My father had jaundice (yellowing of skin and eyes). He went to doctor and the doctor asked to have Live Function Test performed. The total Bilirubin turned out to be 6.5 mg/dl. However after one week when the same test was performed the total Bilirubin was elevated to 18.9 mg/dl. The doctor asked to have ultrasound of abdomen. It stated that he has obstructivw hepatitis (multiple stones in gall bladder and Common Bile duct was mildly dilated). Then my father underwent Cholecystectomy (removal of Gall Bladder with incission of T-Tubes).. After 3 to 4 days of surgery the Bilirubin level elevated to 22.5 mg/dl and on the very next day it became 25.2 mg/dl. Why is it still increasing? And what are the risks of Bilirubin higher than 25 mg/dl?? His age is 61 years old. Can he undergo ultrasound? Or it needs about a month after surgery to have Ultrasound? Kindly help me understand the cause of this increasing Bilirubin even after the obstruction is removed. And what harm can this elevated bilirubin cause? Liver is totally normal in its size shape and everything
Sorry to hear about your father's health issue. A couple of questions: When you say your father's physician, are you referring to his Gastroenterologist? What was his PT and Direct and Total Bilirubin?
Indirect (unconjugated) Bilirubin is calculated by subtracting Direct (conjugated) from Total Bilirubin. If the Direct Bilirubin is increased, this points to obstruction as the cause. If the Direct (conjugated) Bilirubin is increased, this points to red blood cells being broken down by the body faster than the liver can conjugate the RBC breakdown products into bilirubin.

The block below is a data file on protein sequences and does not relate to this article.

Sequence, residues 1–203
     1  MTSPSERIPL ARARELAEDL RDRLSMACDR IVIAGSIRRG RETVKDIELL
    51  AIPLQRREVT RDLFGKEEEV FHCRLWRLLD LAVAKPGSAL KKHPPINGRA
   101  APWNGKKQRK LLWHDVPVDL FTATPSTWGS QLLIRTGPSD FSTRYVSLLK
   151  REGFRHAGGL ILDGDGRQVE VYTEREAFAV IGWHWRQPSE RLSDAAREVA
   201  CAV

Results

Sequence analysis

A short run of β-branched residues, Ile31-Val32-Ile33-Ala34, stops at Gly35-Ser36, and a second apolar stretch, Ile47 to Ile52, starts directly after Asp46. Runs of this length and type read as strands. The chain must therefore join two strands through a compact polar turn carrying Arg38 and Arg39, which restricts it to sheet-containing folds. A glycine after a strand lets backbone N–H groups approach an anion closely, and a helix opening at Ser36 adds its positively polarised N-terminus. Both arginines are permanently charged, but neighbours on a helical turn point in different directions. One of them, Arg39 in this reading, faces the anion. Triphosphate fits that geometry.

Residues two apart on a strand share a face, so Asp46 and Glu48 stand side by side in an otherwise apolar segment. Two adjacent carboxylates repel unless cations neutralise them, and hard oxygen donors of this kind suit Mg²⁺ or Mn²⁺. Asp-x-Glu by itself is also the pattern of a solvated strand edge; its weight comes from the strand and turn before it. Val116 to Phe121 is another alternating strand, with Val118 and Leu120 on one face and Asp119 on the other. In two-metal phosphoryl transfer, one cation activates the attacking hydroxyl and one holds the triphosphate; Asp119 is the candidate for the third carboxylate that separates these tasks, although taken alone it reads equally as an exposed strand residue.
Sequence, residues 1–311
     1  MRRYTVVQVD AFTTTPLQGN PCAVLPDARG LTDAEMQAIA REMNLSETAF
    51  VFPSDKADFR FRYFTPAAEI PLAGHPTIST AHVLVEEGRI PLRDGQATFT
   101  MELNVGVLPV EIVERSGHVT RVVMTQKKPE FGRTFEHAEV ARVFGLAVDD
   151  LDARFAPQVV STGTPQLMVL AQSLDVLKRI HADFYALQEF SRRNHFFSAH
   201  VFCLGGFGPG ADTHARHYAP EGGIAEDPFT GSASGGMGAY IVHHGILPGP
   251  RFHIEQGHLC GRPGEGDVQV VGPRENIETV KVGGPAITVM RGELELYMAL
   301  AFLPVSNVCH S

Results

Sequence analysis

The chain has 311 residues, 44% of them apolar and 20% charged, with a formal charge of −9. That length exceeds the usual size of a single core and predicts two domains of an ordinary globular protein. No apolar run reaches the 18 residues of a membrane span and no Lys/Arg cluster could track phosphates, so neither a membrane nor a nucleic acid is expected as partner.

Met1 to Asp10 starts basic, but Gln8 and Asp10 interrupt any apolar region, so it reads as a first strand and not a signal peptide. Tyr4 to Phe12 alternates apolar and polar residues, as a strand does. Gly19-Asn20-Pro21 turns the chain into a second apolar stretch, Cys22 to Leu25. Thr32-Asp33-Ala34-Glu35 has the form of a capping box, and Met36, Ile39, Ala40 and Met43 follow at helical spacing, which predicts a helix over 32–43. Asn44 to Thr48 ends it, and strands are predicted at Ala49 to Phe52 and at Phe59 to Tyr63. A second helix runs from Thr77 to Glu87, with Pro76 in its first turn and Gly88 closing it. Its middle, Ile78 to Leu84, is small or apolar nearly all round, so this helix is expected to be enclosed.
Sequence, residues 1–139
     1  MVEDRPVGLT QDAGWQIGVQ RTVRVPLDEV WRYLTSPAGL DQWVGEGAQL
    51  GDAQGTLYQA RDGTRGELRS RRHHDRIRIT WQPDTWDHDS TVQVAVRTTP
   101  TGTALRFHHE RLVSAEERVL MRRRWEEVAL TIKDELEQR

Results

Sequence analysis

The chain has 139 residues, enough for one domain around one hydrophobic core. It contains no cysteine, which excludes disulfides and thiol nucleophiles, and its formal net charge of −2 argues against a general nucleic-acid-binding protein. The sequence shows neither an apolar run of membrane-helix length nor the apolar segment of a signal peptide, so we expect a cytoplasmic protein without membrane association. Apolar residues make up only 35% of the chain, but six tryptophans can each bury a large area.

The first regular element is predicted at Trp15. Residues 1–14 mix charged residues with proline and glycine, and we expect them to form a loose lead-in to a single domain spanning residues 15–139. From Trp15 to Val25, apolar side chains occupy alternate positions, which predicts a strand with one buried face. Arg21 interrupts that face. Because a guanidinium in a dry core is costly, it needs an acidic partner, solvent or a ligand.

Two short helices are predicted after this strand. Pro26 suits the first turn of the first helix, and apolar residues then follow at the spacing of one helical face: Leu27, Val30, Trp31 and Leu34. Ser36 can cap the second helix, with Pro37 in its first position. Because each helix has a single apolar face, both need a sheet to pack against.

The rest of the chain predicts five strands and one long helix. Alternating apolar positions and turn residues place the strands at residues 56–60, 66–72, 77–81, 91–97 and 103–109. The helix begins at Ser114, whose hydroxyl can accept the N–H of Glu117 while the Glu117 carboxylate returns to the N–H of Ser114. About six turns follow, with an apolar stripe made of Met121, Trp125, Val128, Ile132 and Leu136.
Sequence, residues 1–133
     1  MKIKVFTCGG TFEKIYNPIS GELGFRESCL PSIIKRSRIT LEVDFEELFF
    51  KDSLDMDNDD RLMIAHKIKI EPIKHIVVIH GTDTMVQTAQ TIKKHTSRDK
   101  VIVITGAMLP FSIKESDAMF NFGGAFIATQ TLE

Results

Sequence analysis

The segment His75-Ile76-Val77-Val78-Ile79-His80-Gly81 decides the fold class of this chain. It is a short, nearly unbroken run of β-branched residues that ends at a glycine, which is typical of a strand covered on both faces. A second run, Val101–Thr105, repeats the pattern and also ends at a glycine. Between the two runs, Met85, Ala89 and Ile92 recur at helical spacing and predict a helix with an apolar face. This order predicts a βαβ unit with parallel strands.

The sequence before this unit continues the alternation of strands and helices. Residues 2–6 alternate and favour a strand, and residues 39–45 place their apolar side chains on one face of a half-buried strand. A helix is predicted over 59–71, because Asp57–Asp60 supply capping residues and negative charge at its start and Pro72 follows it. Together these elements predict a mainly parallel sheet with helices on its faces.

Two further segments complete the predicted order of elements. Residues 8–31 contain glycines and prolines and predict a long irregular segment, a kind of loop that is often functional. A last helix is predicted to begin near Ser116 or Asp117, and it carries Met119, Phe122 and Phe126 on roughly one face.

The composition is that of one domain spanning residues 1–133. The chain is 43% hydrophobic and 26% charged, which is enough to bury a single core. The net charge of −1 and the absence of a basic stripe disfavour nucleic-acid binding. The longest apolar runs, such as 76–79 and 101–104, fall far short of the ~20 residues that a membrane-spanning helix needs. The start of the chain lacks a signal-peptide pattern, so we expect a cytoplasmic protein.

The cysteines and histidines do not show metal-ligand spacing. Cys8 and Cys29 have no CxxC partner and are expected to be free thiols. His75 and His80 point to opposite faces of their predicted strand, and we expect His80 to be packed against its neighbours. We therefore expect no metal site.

Bilirubin is the product of the breakdown of RBCs by the spleen and liver. There are 2 types of Bilirubin, Direct and Indirect. Elevated levels of Direct and Indirect bilirubin are diagnostic of different medical conditions.
Bilirubin is a product of the breakdown of heme, a compound that is part of the hemoglobin molecule in RBCs. Heme is the yellow pigment responsible for the yellowish discoloration of the sclera and skin in jaundice.
Normally, old and worn out RBCs are taken out of the bloodstream by the spleen, where macrophages destroy them and the heme is broken down into unconjugated bilirubin. Most of unconjugated bilirubin is then transported to the liver where it undergoes a biochemical process called conjugation, making it water soluble. The resulting product, bile, is secreted via the biliary ducts into the small intestine.
An increase in serum bilirubin could occur if the patient is making too much bilirubin because of increased red cell breakdown or because they are not able to remove bilirubin from the system due to obstruction of the bile ducts or liver problems such as cirrhosis, hepatitis, or genetic conditions that interfere with bilirubin processing.
Ask if your father had Coag Labwork done and if so ask the physician for the lab results. If not, you may want to ask the physician to run a PT. The liver makes all Coagulation factors, and a PT (Prothrombon Time) is a coagulation test which measures extrinsic coagulation factors and is the best overall indicator of liver function.
What was the result of the Infectious disease screen? There are different types of Hepatitis, i.e., Hepatitis A, B, C, D, E.